By Kirk Lang – After a storied career that saw him, among other things, become the first former middleweight champion in 106 years to also win a heavyweight belt, Roy Jones Jr. was enshrined in the International Boxing Hall of Fame this past Sunday.
He gave a rather brief induction speech at Turning Stone Casino in upstate New York but had a special treat for fans at the end.
“I came in this thing entertaining y’all and I’m about to leave this entertaining y’all,” said Jones, dressed in a tuxedo, just before going into an updated version of his rap song, “Y’all Must’ve Forgot.”
One line was, “A future Hall of Famer and I just got that.” Near the end, he rapped, “Thought I fell off but I’m back in the game, thirty years later and I still aint changed.”
Andre Ward and Floyd Mayweather Jr, may have given longer speeches, but Jones’ musical send-off will live on in the minds of fans long after they forget the specifics of anyone else’s words.
Jones’ induction (Class of 2022) was part of a Trilogy induction that included the Classes of 2021 and 2022, which could not take place in their respective years due to the Coronavirus and COVID-19. With three years of fighters being inducted on the same night, Jones would share the stage with, among others, Bernard Hopkins, James Toney, Sugar Shane Mosley, Mayweather, Ward and Miguel Cotto. In addition, female fighters were inducted for the first time in the Hall’s history, and women boxers being inducted included 92-year-old women’s boxing pioneer Barbara Buttrick, who heads the WIBF, Christy Martin, Ann Wolfe, Regina Halmich, Lucia Rijker, Holly Holm and Laila Ali.
When 1970s era boxer Mirian “Lady Tyger” Trimiar was presented a WBC championship belt from Mauricio Sulamain, she was overcome with joy and emotion, throwing her head back at one point and saying, “Oh My God.” Jones was sitting next to her and helped her flip the belt around to show off its impressive front side so her family could get better photos.
Jones, during his induction speech, said it was an honor to be immortalized with all the great fighters from the three induction classes.
He provided some humor at one point when he mentioned fellow inductee Dr. Margaret Goodman, who is the founder of VADA (Voluntary Anti-Doping Agency), and said he volunteered to submit to drug testing for he and Mike Tyson for their recent exhibition, because he was “going in there with the biggest psycho in boxing and I’ve got to be crazy for messing with him at 50 years old.”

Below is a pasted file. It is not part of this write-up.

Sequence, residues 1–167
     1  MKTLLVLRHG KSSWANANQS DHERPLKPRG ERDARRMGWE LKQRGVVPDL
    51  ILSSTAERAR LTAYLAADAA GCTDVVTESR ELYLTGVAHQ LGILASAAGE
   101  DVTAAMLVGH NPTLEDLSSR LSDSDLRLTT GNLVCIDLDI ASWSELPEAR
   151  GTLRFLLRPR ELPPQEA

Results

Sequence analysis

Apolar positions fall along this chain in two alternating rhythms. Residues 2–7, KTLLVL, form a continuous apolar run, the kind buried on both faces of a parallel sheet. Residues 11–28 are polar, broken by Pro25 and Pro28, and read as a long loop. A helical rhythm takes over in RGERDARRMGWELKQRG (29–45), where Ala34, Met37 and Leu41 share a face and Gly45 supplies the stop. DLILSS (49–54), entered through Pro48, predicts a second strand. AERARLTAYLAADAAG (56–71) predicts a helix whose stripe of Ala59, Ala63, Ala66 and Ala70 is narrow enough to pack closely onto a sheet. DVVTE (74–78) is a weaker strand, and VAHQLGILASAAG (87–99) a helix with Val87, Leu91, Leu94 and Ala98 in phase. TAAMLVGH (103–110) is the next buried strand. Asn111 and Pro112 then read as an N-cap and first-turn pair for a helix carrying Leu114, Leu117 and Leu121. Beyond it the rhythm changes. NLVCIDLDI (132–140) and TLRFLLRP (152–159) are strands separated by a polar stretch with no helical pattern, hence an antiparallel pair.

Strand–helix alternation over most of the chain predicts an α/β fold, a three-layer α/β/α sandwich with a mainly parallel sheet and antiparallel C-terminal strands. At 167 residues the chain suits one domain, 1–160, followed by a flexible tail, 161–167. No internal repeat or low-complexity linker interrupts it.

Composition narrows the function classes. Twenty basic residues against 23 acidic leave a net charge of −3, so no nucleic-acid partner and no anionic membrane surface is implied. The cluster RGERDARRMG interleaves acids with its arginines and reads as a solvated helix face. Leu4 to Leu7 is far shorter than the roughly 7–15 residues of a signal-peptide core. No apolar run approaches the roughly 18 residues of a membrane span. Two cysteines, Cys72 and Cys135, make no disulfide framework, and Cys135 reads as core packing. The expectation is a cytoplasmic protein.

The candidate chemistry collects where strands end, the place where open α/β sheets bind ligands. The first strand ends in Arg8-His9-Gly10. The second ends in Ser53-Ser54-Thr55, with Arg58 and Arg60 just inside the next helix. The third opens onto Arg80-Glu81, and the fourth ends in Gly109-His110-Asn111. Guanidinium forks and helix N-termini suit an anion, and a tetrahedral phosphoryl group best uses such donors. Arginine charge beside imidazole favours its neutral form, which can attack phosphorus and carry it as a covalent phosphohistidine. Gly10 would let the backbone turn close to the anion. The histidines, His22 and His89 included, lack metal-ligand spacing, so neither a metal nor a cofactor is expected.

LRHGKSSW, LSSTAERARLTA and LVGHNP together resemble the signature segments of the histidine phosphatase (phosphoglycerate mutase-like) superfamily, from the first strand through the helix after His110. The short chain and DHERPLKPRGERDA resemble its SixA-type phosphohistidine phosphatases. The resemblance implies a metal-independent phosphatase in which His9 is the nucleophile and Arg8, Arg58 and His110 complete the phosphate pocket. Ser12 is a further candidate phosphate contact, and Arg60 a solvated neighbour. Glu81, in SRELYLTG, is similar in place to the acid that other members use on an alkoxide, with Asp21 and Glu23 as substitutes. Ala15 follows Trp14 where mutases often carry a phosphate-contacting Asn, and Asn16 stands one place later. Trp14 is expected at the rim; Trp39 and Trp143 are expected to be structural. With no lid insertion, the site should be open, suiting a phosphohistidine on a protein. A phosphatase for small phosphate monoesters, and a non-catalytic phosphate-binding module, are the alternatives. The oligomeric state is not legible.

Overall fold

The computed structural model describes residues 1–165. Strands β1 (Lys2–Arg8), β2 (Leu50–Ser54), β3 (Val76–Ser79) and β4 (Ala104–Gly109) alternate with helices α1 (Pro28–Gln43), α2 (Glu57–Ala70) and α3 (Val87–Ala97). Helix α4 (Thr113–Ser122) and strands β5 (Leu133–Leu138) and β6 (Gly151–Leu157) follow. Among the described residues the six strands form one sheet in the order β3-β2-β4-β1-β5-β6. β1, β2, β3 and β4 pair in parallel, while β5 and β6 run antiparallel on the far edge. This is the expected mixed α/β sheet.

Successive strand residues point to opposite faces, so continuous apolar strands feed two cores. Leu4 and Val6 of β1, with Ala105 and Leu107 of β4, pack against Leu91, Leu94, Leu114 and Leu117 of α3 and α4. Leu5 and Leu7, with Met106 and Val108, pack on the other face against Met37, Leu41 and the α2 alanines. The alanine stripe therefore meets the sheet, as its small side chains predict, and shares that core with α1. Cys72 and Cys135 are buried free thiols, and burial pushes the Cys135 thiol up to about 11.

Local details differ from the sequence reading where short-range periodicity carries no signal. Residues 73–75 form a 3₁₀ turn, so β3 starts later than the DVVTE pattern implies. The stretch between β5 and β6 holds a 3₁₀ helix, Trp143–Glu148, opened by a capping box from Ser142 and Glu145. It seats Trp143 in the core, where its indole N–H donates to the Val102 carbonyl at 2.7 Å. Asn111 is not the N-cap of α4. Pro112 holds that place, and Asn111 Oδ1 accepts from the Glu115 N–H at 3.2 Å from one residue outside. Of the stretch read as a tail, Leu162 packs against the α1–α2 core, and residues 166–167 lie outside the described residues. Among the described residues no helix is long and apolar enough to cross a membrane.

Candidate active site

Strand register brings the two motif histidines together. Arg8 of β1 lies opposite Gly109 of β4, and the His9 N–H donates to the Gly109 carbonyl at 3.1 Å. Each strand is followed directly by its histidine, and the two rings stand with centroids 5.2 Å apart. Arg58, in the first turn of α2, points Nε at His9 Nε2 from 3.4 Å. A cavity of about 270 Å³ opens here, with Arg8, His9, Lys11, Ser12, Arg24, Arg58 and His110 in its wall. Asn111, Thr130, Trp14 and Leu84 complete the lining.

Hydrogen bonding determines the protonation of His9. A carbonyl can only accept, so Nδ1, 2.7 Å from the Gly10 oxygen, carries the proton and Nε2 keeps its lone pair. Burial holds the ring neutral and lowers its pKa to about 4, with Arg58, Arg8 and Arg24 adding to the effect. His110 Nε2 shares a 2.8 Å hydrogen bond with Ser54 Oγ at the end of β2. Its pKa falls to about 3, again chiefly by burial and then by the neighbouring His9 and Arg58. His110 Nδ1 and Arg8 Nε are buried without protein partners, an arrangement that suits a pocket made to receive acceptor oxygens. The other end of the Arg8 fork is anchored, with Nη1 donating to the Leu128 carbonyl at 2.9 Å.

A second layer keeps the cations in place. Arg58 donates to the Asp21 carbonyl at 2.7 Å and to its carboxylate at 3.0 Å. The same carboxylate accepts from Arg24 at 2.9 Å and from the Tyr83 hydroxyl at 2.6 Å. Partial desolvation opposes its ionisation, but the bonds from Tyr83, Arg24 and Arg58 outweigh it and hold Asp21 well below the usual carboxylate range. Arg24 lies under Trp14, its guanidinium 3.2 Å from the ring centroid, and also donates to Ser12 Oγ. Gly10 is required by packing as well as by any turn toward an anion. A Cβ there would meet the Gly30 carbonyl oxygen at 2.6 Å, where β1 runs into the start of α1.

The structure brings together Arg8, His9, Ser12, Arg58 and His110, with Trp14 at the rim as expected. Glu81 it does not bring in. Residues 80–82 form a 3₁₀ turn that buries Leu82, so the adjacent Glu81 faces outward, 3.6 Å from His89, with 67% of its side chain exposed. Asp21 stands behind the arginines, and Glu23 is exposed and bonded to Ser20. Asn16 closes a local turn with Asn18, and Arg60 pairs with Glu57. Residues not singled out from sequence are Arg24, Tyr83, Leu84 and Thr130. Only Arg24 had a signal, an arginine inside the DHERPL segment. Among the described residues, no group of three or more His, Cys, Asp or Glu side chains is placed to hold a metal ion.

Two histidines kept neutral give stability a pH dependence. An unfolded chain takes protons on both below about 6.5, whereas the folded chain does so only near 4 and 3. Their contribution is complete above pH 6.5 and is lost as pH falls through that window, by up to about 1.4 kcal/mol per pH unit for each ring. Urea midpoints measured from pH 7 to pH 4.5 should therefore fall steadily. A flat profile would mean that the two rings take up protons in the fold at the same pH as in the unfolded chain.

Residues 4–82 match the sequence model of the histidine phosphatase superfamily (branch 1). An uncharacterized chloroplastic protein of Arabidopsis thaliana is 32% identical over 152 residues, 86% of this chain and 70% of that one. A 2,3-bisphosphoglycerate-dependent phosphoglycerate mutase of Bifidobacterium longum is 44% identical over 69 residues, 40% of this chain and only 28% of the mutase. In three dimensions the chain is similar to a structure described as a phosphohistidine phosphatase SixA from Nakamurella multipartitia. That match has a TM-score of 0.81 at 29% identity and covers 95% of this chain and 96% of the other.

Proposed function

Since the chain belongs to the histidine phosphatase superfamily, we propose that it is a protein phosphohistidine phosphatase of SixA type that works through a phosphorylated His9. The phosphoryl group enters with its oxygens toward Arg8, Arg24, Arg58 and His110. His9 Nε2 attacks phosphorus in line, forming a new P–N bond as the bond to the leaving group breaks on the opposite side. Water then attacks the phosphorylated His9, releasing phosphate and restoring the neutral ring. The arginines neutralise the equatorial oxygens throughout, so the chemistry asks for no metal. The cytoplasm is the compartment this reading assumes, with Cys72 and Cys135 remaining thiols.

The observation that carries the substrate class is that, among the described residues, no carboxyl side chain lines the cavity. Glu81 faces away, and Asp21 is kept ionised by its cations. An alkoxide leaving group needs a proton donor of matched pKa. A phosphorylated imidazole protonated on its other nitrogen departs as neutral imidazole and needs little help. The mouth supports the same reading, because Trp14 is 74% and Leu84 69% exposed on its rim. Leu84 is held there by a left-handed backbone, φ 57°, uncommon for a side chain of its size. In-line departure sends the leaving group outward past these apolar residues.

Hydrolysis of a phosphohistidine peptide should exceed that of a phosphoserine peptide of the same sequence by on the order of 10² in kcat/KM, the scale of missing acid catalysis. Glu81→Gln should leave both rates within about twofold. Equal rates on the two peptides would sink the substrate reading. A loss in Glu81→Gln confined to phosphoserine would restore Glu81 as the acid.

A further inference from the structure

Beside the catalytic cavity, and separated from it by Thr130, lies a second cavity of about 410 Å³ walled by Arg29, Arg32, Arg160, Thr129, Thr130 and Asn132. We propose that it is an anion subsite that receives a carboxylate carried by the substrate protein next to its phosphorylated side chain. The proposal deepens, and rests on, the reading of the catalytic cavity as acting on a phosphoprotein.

Though the relationship between Jones and his father has had its rough patches, the former middleweight, super middleweight, light heavyweight and WBA heavyweight champion thanked his dad for “getting me started in boxing.” He also thanked Laila Ali’s father “for inspiring me through my father to become a great boxer.”
Jones also credited his family for always supporting him through the years. He further added, “In this game of boxing…we’ve got to have a hell of a woman at home, in order to leave us with a sound mind to be able to go through training camp and go out and fight the way we do, and my wife has been there every day of my life.”
It was a four-day induction weekend for fans and the boxers that arrived early. Jones arrived on the first day, so he truly got to soak up the entire weekend and the love of his fans. He provided one of the first ‘Ringside Lectures” of the weekend. After a back-and-forth with Las Vegas-based TV show host James Smith, the talk was opened up for questions from fans, and the line to ask questions of the four-division world champion would be longer than any other line throughout the weekend, and other Ringside Lectures throughout the weekend featured Toney, Hopkins, Ali, Halmich and Martin, among others.
Other festivities throughout the weekend included a Friday night fight card at Turning Stone, a Saturday afternoon fist-casting, a Banquet of Champions, a Sunday afternoon parade down Canastota’s Peterboro Street, and last but certainly not least, the induction at Turning Stone.